We are excited to announce that we finally have a location for Curds and Wine at 7194 Clairemont Mesa Boulevard in San Diego, California. We have easy access from I-805, directions are given in the side bar at left. We plan to open in a few weeks, so watch your newsletter for the date, or follow us on Twitter @curdsnwine. Please forward this newsletter on to any of your friends interested in making their own wine and cheese, or they can sign up for the newsletter at CurdsandWine.com.
Making cheese at home is a very gratifying and enjoyable experience. In the most basic definition, cheese is the coagulated solid portion of animal milk. Cheese can be made a few different ways. The solid, pressed cheese we traditionally think of (such as cheddar cheese) is coagulated using an enzyme called rennet. But, cheese can also be made using acid to coagulate the milk, and this is a great way to start making your own cheese now. After you make some of these easy fresh cheeses, you'll be ready to visit us at Curds and Wine to pick up other cheesemaking ingredients to make more advanced cheeses. Until then, try this at home!
Paneer (also spelled panir) is a fresh cheese used in Indian dishes. It is a great example of the very basic processes involved in curdling milk to create yummy cheese.
What you need:
1 gallon milk – whole or low fat, though you'll have better results with whole milk, just pasteurized milk from the grocery store is fine!
8 Tbsp lemon juice or 2 tsp citric acid dissolved in 3/4 cup filtered water
Large non-reactive pot – stainless steel is better than aluminum
Cheesecloth – fine cheesecloth or butter muslin is best, or a jelly bag if you have one
Slotted spoon or skimmer
Put the milk into the pot and heat to a slow boil. Keep stirring so it does not scorch on the bottom. When the milk starts to boil and just starts to foam, reduce heat and stir in lemon juice or citric acid. You should see the milk form big white curds that separate from the liquid whey. Stop stirring at this point, turn off the heat and let sit for 10 minutes. Put the cheesecloth in the colander in a sink or large bowl and carefully ladle the curds with the slotted spoon or skimmer into the cheesecloth. If you want to pour the curds into the cheesecloth, pour very slowly and make sure you have a very fine cheesecloth, or all of the curds will pour through. Rinse the curds in the colander with lukewarm water for about 10 seconds, then twist the cloth to squeeze out excess water. Put the colander back into the sink or a catch bowl and place another bowl on top of the curds with about 5 pounds of weight on top (I use free weights, but cans or a bag of rice can also work). Press the cheese for 2 hours at room temperature. Voila! You made cheese. You should get just over one pound of cheese; it will keep for up to 2 weeks in the refrigerator.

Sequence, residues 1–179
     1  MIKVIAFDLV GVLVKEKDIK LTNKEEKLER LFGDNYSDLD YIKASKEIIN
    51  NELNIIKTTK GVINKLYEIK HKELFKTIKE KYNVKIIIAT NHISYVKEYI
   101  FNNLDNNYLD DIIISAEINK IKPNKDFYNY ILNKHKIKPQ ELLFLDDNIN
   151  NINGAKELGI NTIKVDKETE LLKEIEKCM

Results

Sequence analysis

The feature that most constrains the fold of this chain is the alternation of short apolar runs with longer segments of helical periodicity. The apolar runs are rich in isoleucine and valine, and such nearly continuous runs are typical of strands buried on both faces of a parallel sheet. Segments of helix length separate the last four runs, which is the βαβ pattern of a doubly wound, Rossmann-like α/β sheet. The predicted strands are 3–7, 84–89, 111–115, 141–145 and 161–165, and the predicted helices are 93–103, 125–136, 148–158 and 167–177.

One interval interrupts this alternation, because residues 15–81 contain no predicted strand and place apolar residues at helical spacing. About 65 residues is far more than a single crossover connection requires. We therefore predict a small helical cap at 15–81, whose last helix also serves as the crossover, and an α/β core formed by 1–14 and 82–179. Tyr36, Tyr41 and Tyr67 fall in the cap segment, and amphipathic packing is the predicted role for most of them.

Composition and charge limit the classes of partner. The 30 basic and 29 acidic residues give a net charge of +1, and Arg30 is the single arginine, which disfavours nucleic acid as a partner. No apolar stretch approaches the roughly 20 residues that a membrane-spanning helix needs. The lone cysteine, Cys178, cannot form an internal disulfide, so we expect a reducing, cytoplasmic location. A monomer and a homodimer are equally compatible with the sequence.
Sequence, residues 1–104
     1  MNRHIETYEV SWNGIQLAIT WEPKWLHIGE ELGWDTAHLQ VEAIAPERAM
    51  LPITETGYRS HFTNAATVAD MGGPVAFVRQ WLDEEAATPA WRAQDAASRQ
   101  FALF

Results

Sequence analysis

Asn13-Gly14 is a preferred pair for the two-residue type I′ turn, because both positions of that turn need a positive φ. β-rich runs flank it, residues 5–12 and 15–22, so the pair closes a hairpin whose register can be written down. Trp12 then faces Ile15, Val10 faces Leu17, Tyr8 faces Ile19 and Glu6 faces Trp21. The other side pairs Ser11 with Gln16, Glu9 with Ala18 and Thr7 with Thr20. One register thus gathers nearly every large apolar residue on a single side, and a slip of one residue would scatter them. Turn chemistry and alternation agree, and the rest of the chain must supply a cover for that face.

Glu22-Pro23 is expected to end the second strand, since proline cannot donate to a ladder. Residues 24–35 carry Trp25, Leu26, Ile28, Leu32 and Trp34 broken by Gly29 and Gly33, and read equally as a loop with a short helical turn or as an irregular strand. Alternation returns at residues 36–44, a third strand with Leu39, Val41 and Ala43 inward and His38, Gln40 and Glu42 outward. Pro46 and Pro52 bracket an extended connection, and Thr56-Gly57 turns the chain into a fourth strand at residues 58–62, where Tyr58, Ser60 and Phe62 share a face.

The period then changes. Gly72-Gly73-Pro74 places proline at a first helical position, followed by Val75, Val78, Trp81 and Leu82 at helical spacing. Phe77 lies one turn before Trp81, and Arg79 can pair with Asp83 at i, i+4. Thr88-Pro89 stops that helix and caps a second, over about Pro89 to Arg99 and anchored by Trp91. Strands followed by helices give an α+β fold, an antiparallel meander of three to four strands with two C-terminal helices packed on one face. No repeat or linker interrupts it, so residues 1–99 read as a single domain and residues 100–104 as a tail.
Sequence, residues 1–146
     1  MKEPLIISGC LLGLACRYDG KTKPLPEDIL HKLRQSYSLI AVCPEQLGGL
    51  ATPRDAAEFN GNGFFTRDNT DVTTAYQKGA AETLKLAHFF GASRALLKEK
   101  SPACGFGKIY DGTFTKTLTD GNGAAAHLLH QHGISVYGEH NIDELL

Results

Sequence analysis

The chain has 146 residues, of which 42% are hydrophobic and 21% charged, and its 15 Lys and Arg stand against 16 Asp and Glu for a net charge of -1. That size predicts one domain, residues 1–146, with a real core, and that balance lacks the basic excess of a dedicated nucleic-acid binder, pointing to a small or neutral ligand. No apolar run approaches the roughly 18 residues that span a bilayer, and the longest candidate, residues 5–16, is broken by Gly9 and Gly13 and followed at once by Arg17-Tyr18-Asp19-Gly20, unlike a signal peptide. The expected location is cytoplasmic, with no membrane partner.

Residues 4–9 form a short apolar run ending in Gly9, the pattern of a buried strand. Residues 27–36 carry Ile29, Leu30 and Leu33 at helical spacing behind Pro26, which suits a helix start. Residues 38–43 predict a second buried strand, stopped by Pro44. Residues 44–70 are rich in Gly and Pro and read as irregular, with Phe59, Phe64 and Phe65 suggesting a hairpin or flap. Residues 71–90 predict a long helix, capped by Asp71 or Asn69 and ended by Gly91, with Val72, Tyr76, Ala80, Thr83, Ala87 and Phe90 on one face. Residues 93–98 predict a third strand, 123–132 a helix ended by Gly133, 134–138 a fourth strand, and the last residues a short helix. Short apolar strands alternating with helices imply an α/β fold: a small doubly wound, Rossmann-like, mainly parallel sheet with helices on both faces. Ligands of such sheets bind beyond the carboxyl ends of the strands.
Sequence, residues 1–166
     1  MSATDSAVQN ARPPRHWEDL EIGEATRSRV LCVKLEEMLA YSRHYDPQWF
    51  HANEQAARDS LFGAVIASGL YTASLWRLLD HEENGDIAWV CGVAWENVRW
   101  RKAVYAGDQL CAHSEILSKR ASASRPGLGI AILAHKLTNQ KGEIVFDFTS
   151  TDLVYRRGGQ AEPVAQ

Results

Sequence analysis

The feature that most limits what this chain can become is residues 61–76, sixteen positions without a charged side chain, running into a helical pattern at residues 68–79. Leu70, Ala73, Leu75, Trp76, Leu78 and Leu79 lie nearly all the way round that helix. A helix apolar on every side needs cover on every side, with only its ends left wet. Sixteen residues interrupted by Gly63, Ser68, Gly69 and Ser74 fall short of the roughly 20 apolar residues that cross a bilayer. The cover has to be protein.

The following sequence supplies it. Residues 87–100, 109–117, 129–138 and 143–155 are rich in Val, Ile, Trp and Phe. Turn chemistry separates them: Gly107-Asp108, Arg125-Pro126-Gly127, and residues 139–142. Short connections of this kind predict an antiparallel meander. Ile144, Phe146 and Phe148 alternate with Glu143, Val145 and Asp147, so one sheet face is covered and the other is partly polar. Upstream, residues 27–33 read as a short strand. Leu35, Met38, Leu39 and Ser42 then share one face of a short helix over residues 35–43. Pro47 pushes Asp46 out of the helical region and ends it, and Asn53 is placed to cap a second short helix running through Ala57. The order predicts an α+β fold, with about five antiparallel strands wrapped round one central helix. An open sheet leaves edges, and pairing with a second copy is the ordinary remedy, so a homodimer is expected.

This cheese makes a yummy snack or appetizer, or use it in a curry: Paneer with Peas Ingredients:
1/4 cup olive oil
1 large yellow onion, chopped
1 teaspoon minced garlic
1 teaspoon minced fresh ginger root
2 serrano peppers, finely chopped
3/4 teaspoon chili powder
3/4 teaspoon ground cumin
3/4 teaspoon ground coriander
3/4 teaspoon garam masala
3/4 teaspoon ground turmeric
1 (14.25 ounce) can tomato puree
1 tablespoon ketchup
8 ounces paneer, cubed
1 (16 ounce) package frozen peas, thawed
whipping cream or half-and-half to taste
Heat oil in a large pan over medium heat. Saute onions until lightly browned. Stir in garlic and ginger, and continue cooking for 1 minute more. Turn heat to low, add serrano peppers, and cook for an additional minute. Sprinkle in the chili powder, cumin, coriander, garam masala, and turmeric; cook until fragrant, about 1 minute.
Pour in tomato puree and ketchup; thin with water to desired consistency. Stir in the paneer and peas; cook to soften peas, 2 to 3 minutes. Stir in cream, and increase heat to medium-high. Allow the curry to come to a rolling boil, and cook for 3 to 4 minutes. Serve with rice.
In our next newsletter we'll describe the basic steps of making wine from a kit. Making your own wine is not only fun and rewarding, but also economical – the average cost of homemade wine from a kit is $7/bottle! We will have demonstrations at the shop for each simple step, as well as winemaking on site, where you just pick out your wine and make it at the shop. We can help you with each step, then clean up afterward and store your wine until it's ready to bottle.